To the editor:
The senior communications officer of Outer Cape Health Services, Gerry Desautels, cited no state or federal statute or regulation to justify his organization’s lack of transparency regarding whether OCHS patients might be exposed to unvaccinated employees (“After Mandates, Few Cape Health Workers Remain Unvaccinated,” Dec. 16, page A1).
“Desautels said that, for confidentiality reasons, he could not disclose whether the five OCHS employees who received exemptions have direct contact with the public,” you reported.
What confidentiality reasons is he talking about? The Health Insurance Portability and Accountability Act of 1996 (HIPAA) is a federal law protecting sensitive patient health information from being revealed without the patient’s consent or knowledge. HIPAA would not prohibit OCHS from disclosing whether any of its five unvaccinated employees has direct contact with the public because they would not be identified.
Patients should know whether OCHS employees with whom they have contact are vaccinated against Covid-19. OCHS should not make them ask employees to find out.
Ronald A. Gabel, M.D.
The New West Side Story
To the editor:
Regarding Howard Karren’s review of Steven Spielberg’s West Side Story [“A World on the Eve of Destruction,” Dec. 16, page C5]:
When I was a 16-year-old aspiring musician, I saw what I believe was the first Wednesday matinee performance of West Side Story. My mother’s Jewish women’s group, which bought tickets to almost all Broadway shows sight unseen, had an extra ticket, so I went with the ladies to see a show that had created a buzz because all the creative artists involved were Jewish. “Lenny” Bernstein was an adored figure among New York Jews — a sort of second coming of George Gershwin.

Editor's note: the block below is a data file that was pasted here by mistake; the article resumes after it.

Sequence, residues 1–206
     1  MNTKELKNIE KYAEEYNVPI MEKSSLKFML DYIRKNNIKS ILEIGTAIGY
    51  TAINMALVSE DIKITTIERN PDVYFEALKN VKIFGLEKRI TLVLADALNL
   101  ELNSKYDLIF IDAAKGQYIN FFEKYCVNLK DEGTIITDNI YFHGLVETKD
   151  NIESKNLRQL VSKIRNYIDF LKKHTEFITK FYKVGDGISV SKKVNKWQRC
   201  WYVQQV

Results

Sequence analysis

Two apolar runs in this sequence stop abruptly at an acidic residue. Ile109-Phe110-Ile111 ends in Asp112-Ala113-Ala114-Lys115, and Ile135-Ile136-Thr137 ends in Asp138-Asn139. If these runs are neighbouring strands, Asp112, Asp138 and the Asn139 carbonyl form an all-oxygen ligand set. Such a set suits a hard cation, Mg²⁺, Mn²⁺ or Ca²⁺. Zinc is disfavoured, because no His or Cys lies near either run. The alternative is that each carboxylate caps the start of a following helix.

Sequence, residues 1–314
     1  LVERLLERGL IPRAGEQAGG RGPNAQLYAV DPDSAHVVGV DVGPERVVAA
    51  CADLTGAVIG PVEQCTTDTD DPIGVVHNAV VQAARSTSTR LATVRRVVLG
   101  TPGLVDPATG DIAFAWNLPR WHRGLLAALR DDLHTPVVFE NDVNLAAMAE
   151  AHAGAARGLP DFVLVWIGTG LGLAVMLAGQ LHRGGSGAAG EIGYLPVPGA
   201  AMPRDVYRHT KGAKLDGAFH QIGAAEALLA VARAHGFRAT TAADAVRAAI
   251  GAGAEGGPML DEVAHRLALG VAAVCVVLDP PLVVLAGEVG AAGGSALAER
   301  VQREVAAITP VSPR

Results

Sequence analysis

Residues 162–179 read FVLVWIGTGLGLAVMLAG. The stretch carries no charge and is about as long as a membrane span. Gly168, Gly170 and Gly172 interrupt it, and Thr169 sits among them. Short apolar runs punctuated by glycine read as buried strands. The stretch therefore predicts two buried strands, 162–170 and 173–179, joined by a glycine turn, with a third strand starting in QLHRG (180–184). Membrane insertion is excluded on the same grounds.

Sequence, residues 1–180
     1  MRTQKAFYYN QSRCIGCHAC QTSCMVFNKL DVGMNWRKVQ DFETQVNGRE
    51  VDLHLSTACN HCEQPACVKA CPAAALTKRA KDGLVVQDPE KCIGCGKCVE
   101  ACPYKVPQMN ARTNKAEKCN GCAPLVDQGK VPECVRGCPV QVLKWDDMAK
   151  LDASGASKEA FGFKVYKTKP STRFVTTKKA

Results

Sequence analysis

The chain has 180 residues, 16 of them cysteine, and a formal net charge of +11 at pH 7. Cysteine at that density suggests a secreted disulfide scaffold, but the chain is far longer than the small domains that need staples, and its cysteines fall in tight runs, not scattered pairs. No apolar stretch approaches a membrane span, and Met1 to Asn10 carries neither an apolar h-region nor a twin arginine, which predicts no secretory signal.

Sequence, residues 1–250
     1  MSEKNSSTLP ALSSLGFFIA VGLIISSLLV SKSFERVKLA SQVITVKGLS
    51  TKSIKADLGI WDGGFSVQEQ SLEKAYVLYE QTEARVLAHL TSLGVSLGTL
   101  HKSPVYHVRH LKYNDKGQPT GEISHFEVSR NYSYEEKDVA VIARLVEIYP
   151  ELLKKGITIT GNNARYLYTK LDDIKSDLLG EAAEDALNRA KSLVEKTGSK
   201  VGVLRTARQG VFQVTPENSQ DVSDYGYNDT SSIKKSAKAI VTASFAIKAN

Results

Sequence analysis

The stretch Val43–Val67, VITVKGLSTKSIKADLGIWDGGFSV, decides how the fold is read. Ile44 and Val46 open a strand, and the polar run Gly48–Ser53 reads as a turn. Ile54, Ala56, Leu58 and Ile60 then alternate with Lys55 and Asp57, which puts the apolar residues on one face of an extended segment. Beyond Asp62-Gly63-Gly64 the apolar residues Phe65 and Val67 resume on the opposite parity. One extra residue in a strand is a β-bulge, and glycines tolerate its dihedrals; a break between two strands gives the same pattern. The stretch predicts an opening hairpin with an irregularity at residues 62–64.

September 1957, when the show opened, was a fraught time for Jews in America. The Holocaust was fresh in everyone’s minds, and many of the people denounced a few years before by Sen. Joseph McCarthy and the House Committee on Un-American Activities as Communists or “fellow travelers” were Jewish.
The nice ladies who I was with did not know what to make of the show. At that time, Broadway musicals were referred to as “musical comedy.” There wasn’t much comedy in West Side Story — instead, a lot of tragedy, with themes of hopeless love, the corrosive impact of hatred and bigotry, and racial violence, all subjects well known to Jews. The ladies went to be entertained; instead, they were challenged.
I loved the new Spielberg film, which is much grittier and more realistic than the 1961 version. I was amazed by criticism that the movie did not present an accurate picture of the Puerto Rican experience in the U.S., even though there was grudging approval that Spielberg used actors with Hispanic backgrounds for many lead roles. West Side Story is not a documentary. Let the show and the film stand as works of art.